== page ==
Toward the end of last year, Bow Valley sold its interest in the Gwydyr Bay acreage for $2 million, but retained an interest in an oil discovery at the North Shore prospect.
The joint venture drilled North Shore No. 1 in 2007, and re-entered the well in 2008.
In filings with Canadian regulators, Bow Valley said it plans to focus efforts in Alaska on the Tofkat prospect near the village of Nuiqsut, and the Slugger prospect south of Point Thompson, areas where the company “considers the prospectivity to be superior.”
Bow Valley said it has spent some $30.4 million in Alaska since arriving in 2006, including $12 million last year. In 2007 and 2008, the company received $5.3 million in tax credits from the state related to exploration activities on the North Slope.
Bow Valley still has some outstanding obligations to the joint venture, it said.
Under the terms of a 2006 agreement, Bow Valley is required to pay about 28.6 percent of the “drilling, completion and testing” costs on the next two exploration wells drilled by the joint venture in order to get a 20 percent working interest in the prospects.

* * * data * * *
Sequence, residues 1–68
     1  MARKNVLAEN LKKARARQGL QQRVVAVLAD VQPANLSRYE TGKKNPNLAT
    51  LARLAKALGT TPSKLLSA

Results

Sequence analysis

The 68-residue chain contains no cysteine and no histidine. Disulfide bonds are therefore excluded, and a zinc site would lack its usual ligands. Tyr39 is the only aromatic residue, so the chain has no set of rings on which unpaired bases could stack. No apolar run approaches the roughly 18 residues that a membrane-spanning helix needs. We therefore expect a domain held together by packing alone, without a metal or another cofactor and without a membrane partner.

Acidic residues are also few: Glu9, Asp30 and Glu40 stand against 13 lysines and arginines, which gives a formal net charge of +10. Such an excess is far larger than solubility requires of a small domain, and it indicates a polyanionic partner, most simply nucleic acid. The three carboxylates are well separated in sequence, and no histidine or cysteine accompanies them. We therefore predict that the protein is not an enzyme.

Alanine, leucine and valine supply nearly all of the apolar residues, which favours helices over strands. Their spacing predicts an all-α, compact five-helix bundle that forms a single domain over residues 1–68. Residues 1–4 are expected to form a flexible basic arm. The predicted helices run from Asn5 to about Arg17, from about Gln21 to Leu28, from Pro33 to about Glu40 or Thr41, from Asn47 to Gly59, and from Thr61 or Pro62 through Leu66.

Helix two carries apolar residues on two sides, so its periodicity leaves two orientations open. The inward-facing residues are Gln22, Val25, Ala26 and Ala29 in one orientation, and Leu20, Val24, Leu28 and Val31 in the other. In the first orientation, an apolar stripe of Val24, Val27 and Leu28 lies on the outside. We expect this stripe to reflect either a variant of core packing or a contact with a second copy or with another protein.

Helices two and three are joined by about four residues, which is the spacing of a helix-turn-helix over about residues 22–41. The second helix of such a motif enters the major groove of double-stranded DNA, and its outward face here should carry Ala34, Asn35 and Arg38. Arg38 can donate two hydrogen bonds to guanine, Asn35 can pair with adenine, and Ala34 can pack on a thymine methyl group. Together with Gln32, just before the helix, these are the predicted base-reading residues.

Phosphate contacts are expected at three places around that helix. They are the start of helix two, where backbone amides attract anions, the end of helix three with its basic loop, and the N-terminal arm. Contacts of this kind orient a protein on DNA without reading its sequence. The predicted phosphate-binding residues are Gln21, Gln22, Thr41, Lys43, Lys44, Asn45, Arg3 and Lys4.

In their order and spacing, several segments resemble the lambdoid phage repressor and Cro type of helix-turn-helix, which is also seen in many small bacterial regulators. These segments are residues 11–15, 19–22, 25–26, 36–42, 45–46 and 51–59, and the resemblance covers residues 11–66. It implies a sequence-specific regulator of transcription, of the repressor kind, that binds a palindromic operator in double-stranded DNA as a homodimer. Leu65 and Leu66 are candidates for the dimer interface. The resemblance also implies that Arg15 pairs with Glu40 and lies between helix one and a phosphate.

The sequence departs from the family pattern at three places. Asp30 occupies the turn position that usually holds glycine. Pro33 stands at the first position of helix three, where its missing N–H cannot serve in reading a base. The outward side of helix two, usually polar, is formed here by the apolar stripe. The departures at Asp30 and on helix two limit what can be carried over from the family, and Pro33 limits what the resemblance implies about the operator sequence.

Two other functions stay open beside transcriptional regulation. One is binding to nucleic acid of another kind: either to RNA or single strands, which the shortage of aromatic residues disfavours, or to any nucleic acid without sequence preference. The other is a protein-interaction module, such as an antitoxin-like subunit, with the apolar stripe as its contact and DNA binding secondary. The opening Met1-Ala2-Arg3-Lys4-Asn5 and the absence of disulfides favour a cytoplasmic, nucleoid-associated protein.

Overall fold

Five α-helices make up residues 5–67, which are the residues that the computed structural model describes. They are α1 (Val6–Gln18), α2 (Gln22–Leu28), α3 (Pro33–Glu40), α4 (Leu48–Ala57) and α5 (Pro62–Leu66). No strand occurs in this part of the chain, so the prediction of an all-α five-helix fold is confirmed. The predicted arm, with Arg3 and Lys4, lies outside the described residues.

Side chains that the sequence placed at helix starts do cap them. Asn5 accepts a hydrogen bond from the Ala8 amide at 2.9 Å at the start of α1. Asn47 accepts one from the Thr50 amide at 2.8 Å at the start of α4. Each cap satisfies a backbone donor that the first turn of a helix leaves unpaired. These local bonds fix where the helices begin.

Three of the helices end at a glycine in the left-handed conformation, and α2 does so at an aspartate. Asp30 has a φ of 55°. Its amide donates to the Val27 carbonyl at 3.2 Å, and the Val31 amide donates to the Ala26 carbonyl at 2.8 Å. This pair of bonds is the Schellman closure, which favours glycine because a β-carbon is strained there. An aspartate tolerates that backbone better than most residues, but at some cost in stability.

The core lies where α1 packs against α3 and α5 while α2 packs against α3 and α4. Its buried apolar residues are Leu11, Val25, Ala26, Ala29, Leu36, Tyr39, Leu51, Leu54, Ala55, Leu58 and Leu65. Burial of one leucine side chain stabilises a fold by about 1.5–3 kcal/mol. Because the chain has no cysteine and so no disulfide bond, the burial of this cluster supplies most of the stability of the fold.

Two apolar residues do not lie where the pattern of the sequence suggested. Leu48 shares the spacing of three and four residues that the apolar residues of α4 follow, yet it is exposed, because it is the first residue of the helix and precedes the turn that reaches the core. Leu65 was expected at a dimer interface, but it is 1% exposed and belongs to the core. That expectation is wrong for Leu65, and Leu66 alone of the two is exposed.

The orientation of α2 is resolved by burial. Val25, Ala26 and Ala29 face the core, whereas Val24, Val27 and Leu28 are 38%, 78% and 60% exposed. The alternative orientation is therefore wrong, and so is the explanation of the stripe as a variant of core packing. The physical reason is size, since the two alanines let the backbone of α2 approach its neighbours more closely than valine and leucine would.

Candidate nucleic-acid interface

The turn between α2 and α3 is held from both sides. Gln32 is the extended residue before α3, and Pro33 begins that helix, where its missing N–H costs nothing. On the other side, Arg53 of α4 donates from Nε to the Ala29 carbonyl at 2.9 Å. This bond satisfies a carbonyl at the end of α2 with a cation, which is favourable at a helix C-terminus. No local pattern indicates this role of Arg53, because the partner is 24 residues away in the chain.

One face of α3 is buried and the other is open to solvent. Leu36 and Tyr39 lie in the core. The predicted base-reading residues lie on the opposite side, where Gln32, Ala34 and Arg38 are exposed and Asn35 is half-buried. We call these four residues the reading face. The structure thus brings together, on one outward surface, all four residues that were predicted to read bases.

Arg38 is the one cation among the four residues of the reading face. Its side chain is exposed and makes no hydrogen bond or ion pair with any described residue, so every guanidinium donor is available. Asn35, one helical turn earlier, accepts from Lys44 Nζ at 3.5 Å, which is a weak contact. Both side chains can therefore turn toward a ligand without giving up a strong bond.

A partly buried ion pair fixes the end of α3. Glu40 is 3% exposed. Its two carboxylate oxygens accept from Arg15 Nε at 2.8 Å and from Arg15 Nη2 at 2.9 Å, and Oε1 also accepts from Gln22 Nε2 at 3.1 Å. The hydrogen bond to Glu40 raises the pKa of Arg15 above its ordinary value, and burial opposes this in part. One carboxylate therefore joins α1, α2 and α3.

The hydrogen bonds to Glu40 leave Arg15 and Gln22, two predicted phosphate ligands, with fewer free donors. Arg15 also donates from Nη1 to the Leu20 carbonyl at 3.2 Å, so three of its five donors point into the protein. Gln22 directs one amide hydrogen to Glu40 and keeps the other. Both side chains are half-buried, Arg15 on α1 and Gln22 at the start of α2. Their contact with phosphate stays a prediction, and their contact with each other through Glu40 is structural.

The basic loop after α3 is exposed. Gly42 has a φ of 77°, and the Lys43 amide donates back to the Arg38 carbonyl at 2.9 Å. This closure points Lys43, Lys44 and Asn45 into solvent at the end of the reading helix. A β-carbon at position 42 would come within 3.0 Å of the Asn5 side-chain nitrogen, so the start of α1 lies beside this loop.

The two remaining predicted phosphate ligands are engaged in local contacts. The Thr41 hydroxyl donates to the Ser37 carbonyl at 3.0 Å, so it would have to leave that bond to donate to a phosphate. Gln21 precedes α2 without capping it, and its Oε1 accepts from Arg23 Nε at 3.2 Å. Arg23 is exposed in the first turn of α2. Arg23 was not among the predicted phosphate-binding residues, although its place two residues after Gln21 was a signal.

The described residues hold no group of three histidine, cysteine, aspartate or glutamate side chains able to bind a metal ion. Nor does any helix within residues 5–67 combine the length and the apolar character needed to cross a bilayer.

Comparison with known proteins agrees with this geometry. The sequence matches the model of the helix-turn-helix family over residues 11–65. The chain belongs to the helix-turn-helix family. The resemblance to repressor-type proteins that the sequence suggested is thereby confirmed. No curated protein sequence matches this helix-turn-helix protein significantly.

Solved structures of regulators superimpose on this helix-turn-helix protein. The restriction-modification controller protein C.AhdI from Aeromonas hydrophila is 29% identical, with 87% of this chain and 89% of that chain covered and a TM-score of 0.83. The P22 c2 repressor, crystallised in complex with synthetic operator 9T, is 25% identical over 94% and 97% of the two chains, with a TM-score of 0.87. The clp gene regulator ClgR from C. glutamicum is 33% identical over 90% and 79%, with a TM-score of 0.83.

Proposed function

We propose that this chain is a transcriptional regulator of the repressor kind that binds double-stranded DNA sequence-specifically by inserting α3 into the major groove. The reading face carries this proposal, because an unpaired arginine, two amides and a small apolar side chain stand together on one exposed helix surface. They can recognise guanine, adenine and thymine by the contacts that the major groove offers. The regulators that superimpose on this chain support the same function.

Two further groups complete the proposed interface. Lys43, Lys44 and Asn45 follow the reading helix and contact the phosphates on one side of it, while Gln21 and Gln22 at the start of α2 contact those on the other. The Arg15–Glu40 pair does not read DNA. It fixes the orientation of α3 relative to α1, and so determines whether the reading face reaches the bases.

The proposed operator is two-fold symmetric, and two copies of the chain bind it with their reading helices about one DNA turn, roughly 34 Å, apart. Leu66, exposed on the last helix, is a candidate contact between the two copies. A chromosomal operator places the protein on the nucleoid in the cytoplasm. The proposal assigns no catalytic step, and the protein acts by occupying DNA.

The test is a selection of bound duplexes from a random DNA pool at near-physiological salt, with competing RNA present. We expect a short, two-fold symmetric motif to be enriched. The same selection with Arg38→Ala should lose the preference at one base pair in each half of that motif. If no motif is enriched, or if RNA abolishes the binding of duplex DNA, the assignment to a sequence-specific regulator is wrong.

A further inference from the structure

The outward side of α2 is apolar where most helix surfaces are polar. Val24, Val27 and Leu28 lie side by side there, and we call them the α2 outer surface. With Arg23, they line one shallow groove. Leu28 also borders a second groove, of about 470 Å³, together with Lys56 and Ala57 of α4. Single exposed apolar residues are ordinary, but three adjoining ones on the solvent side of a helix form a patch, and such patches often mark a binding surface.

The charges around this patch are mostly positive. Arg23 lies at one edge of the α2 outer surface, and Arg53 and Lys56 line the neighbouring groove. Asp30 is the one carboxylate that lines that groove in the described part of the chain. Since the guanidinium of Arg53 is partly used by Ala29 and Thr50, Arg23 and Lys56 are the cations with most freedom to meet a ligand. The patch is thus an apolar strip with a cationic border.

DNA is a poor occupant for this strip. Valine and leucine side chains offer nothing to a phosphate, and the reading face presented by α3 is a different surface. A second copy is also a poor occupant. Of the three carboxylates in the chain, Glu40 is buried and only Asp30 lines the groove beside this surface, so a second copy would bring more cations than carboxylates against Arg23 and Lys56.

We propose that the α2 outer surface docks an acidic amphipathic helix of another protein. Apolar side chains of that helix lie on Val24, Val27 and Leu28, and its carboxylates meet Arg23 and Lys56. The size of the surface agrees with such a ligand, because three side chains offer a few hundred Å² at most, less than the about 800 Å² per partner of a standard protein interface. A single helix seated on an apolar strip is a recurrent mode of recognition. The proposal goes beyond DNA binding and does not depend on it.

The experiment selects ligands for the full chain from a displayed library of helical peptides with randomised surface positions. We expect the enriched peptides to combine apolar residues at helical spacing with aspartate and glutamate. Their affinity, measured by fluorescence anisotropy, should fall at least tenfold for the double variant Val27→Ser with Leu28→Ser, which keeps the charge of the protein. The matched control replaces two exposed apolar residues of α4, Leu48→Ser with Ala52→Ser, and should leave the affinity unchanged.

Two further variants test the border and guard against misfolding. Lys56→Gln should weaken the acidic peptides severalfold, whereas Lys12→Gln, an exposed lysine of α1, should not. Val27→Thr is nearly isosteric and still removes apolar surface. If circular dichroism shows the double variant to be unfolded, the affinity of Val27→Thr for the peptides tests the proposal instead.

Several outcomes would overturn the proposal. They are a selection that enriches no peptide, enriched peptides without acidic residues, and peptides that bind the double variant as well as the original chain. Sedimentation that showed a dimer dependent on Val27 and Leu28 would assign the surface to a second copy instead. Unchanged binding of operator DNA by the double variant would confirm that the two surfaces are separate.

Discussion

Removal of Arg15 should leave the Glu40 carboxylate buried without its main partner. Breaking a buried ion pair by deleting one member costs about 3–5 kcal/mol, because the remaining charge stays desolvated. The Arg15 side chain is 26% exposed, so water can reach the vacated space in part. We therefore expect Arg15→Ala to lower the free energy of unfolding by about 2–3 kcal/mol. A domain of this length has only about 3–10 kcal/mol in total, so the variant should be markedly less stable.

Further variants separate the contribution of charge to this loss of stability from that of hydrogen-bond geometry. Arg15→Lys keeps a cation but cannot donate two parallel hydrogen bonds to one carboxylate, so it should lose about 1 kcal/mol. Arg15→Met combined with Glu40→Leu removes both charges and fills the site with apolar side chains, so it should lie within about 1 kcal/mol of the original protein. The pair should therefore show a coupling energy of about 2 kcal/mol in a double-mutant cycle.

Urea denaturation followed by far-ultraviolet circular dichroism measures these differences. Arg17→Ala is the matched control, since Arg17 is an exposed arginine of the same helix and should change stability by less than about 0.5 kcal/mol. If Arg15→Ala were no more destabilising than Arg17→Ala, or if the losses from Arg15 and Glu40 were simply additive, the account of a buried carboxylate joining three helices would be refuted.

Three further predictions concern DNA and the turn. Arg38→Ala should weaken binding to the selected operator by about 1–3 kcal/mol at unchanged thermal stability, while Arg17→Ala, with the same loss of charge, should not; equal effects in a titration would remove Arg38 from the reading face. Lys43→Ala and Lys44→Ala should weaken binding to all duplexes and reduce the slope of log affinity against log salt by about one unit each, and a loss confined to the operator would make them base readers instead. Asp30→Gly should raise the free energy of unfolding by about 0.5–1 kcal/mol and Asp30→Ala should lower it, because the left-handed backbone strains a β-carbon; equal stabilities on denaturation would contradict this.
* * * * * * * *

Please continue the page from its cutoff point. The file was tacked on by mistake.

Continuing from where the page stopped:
Bow Valley holds a 20 percent working interest in Tofkat No. 1, drilled last winter.
As of the end of 2008, Bow Valley listed “the net book value of Alaska oil and natural gas properties” at C$9.8 million, down from C$16.1 million at the end of 2007.
The fourth partner in the joint venture is Nabors subsidiary Ramshorn Investments Inc.
On the eastern North SlopeA new development on the North Slope this winter is exploration in the east.
Denver-based independent Savant is drilling an exploration well at the Badami unit on behalf of operator BP Exploration (Alaska) and partner Arctic Slope Regional Corp.
AOGCC rig reports list Savant Alaska as “moving rig.”
Farther to the east, ExxonMobil is preparing a drilling program at Point Thomson, the long-disputed state unit, but most likely will not finish drilling before the end of the season.
Exxon received an AOGCC drilling permit for PTU No. 15 on March 18.
The permit allows Exxon to drill on state lease ADL 47559.